One of the things I've always found difficult is dealing with my goals that are spread amongst the various discrete areas of my life. My goals cover life and family, fitness, professional career, personal development, and so on. I always have way more stuff I could do than I have time to do. And I still want to have time to relax. In fact, I am sure that it's important to build that downtime. I don't think it makes sense to try to build a life that is focused on goal achievement for every second of waking time. Of course, the circular trap is that then downtime becomes a goal in itself. But that's a spiral of logic to deal with another day.

GTD was really interesting to me because the concept of contexts fitted well with my life at the time that I first read the book. I was often working across multiple sites and it felt like certain jobs would only make sense in certain contexts. I still have regular travel with my work. In 2014, I think this travel will increase significantly. Consequently, I've been rethinking my personal management system requirements and design again (yes, yes, I know this is classic IT industry waffle, bear with me, it's hard not to be infected by something that you spend 40% of your waking time doing). The basic features that I think I must have in a personal management system are:

  • Always available
  • Easy to carry
  • Simple to use
  • Capable of linking to other details if necessary
  • Lightweight maintenance
  • Ability to remind me of tasks that need doing at a specific time

On top of these fundamentals, my needs are largely optional or nice-to-have. In fact, I think there's a strong argument that I should be looking to strip away as many features as possible. The sort of features that have felt important in the past are:

  • Categorisation of tasks by context / location
  • Grouping tasks into projects
  • Prioritising tasks
  • Recurring tasks
  • Tagging tasks

Although David Allen describes building a system based around pen and paper in GTD, this just doesn't feel right to me. I don't think that I can see myself carrying pen and paper all the time. And I don't think that it's easy enough for me to maintain. I envisage that I'll end up constantly revisiting sheets of paper and re-writing them, rather than doing the stuff that's on them.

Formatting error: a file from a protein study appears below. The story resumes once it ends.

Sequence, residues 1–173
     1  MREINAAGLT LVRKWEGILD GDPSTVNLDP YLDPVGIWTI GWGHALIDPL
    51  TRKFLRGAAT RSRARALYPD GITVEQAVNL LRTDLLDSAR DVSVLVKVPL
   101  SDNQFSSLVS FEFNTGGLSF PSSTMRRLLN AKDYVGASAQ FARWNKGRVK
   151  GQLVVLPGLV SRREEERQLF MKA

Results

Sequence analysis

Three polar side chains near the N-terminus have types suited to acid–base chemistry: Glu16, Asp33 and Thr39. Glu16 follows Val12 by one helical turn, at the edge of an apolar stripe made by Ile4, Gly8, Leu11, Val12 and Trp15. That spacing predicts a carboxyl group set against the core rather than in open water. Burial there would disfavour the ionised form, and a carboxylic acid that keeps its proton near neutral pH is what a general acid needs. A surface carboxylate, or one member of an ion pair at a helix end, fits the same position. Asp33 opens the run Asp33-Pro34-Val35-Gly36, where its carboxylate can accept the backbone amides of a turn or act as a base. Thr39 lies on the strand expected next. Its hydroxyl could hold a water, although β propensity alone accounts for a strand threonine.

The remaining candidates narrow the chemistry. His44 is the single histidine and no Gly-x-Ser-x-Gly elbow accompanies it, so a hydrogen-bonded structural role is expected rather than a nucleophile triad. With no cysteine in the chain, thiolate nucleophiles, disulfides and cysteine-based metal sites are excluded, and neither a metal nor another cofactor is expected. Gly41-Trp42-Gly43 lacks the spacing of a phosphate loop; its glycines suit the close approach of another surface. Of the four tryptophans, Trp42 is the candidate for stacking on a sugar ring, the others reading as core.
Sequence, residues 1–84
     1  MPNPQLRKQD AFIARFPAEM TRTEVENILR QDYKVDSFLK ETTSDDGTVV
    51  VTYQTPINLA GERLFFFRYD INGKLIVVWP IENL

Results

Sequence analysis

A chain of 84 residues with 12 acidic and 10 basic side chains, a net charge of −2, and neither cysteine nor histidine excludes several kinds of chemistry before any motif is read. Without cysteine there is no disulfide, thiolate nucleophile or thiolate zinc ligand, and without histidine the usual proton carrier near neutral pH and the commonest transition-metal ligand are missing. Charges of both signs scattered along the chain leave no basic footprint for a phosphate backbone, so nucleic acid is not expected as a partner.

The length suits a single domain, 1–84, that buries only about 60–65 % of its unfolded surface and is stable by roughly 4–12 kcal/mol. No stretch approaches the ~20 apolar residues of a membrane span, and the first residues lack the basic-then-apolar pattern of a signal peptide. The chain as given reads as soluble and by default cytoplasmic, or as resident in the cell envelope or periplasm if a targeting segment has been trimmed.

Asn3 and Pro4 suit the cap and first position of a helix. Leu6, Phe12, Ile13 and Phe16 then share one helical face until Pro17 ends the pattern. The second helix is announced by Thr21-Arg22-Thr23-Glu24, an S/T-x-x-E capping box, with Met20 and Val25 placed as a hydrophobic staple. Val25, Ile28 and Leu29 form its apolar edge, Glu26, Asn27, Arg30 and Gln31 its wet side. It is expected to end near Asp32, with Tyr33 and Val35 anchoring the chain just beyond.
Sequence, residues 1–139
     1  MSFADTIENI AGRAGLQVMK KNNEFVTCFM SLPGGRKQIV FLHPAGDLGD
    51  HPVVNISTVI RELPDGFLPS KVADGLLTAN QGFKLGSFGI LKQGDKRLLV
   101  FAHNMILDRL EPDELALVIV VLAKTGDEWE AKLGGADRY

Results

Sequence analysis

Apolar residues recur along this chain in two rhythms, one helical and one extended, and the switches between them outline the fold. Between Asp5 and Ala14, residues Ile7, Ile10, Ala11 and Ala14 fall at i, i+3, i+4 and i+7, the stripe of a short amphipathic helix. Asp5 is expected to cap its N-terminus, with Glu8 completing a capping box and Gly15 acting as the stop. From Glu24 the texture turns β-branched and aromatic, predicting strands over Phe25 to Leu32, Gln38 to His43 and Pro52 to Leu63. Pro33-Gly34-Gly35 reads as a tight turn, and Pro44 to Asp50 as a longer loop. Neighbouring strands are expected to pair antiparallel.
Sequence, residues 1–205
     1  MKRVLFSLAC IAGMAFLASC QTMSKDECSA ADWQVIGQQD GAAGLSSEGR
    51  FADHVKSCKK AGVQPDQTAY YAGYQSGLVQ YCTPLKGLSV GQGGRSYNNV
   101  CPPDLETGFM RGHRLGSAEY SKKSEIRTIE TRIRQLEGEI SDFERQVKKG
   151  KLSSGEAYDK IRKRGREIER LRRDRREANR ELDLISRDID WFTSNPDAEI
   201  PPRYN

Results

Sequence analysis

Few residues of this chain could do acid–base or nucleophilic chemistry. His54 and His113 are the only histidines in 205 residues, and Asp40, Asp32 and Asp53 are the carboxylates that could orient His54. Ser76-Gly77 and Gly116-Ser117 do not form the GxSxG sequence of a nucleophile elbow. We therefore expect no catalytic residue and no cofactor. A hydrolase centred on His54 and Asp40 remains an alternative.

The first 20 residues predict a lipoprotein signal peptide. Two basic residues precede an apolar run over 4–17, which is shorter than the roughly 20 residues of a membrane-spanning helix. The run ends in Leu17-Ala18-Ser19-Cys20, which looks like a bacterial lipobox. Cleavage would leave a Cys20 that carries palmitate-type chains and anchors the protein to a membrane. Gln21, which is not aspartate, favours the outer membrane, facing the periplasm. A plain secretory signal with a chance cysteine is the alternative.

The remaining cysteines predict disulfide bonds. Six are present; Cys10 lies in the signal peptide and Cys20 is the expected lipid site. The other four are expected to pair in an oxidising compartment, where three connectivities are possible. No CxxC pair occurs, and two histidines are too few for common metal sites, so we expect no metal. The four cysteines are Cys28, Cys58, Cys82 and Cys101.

So, I have convinced myself that I need a to-do list system that I can access on a smart phone. And I want one that has offline capability (which implies a native application), because I don't want to be able to use it only when I'm online. And, for a similar reason, I would like one that synchronises automatically so that I don't have to think about sync-ing the app before I go somewhere without internet access (although this is slightly more of  a nice-to-have). And, ideally, I'd like the app to have good quality Android and iOS versions, so that I'm not tied to a specific platform.
And, because I spend a lot of time in front of a computer, I would prefer the app to have a web-based (or PC client-based) interface too. There's something very distracting about working on a PC and having to pick up a phone to add something to a list. It's definitely more distracting than picking up a pen to write on a piece of paper (even though I don't see why that should be).

I don't feel like I have any special requirements. But when I do a lot of looking around I find it very difficult to find a simple to-do list system that's going to force me to focus on getting stuff done, rather than procrastinating by categorising stuff into projects, tagging it, prioritising it, etc, etc.

A while ago, I build a to-do management system, based on GTD principle, in Evernote. This achieved a lot of my key requirements. But, ultimately, Evernote isn't designed with this kind of use in mind, so it definitely didn't achieve the lightweight maintenance goal. In fact, I found that I actually only used a couple of features of the list and so a lot of the set-up was wasted for me.

After a lot of Googling and browsing of app stores, I narrowed the choice down to three potential candidates:

  • Any.do
  • Todoist
  • Wunderlist

I gave each one a brief trial. I have settled on using Any.do for now as my main option. This post is plenty long enough, so I'll probably continue this in another post to explain why I made that choice.